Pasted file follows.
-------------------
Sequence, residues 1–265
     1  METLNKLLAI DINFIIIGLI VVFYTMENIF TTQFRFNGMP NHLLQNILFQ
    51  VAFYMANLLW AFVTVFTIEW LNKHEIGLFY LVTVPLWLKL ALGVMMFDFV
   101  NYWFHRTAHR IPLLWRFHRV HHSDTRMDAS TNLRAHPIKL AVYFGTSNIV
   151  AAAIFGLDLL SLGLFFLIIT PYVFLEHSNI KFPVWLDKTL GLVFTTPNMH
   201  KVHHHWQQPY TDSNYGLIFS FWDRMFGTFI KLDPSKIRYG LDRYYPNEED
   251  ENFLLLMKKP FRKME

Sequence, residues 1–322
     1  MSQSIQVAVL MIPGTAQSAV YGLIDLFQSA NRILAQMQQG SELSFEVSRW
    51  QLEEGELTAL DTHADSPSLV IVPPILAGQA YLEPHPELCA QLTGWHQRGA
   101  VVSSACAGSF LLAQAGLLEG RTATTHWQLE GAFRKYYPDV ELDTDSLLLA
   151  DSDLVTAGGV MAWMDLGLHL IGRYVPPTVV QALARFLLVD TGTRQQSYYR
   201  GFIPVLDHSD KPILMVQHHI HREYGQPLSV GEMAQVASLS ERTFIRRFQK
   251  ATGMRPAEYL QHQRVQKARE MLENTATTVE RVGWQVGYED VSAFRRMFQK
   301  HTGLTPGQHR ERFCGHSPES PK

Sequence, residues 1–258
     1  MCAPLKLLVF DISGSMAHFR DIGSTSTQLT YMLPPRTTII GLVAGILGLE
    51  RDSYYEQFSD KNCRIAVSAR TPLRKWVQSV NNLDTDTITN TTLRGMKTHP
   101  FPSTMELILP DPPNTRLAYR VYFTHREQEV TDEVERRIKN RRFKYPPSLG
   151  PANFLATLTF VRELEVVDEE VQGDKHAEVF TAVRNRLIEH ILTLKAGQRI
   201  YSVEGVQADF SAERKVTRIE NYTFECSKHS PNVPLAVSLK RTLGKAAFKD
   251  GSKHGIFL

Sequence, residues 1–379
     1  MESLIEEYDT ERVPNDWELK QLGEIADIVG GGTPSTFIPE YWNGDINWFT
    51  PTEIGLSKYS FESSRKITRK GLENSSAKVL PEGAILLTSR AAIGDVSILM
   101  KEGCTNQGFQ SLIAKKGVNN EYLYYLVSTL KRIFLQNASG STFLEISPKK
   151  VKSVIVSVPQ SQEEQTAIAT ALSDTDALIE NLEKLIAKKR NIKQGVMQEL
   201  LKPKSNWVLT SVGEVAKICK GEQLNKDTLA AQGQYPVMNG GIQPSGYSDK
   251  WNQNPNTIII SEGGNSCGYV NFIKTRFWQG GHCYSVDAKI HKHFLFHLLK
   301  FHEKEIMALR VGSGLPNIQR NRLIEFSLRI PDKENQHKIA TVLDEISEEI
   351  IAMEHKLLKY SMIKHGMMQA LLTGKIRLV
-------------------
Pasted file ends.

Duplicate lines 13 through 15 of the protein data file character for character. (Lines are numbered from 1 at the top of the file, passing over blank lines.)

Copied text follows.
   201  GFIPVLDHSD KPILMVQHHI HREYGQPLSV GEMAQVASLS ERTFIRRFQK
   251  ATGMRPAEYL QHQRVQKARE MLENTATTVE RVGWQVGYED VSAFRRMFQK
   301  HTGLTPGQHR ERFCGHSPES PK